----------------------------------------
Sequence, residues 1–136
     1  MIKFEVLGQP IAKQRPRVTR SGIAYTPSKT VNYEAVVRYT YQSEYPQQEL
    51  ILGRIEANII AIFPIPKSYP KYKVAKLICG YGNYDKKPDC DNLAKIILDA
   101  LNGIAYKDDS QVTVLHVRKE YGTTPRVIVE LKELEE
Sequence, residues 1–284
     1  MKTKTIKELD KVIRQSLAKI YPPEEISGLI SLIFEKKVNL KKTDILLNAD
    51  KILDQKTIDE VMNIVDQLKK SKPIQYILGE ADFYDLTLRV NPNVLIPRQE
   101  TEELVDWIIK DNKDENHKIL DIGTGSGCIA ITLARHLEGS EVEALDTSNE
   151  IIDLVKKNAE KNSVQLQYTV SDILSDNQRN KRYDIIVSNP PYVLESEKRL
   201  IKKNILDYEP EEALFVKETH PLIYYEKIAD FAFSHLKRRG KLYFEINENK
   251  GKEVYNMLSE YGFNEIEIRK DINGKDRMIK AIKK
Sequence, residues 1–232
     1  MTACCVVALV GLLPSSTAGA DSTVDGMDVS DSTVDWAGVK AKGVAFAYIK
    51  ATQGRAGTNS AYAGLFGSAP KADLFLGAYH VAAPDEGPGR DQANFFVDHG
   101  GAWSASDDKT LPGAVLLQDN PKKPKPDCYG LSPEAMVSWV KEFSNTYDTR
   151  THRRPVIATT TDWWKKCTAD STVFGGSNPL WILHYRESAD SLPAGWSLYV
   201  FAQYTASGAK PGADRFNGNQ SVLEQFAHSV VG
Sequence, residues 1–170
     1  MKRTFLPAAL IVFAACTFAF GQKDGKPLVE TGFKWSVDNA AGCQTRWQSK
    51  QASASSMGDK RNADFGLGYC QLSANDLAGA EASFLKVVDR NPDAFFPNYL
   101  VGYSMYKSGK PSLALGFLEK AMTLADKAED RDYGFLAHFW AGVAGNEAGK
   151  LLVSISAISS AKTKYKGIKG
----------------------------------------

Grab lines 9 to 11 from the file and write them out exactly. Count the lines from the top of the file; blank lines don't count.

   151  IIDLVKKNAE KNSVQLQYTV SDILSDNQRN KRYDIIVSNP PYVLESEKRL
   201  IKKNILDYEP EEALFVKETH PLIYYEKIAD FAFSHLKRRG KLYFEINENK
   251  GKEVYNMLSE YGFNEIEIRK DINGKDRMIK AIKK